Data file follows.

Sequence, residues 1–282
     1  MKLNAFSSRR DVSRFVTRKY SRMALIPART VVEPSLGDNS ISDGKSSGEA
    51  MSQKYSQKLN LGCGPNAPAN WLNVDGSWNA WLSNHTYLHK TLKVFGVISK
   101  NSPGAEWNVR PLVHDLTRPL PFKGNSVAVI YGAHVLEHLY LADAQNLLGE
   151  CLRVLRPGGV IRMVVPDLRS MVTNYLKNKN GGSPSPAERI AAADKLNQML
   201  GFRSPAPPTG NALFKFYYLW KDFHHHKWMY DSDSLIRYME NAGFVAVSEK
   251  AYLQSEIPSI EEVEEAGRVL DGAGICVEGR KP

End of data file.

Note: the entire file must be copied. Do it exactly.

Sequence, residues 1–282
     1  MKLNAFSSRR DVSRFVTRKY SRMALIPART VVEPSLGDNS ISDGKSSGEA
    51  MSQKYSQKLN LGCGPNAPAN WLNVDGSWNA WLSNHTYLHK TLKVFGVISK
   101  NSPGAEWNVR PLVHDLTRPL PFKGNSVAVI YGAHVLEHLY LADAQNLLGE
   151  CLRVLRPGGV IRMVVPDLRS MVTNYLKNKN GGSPSPAERI AAADKLNQML
   201  GFRSPAPPTG NALFKFYYLW KDFHHHKWMY DSDSLIRYME NAGFVAVSEK
   251  AYLQSEIPSI EEVEEAGRVL DGAGICVEGR KP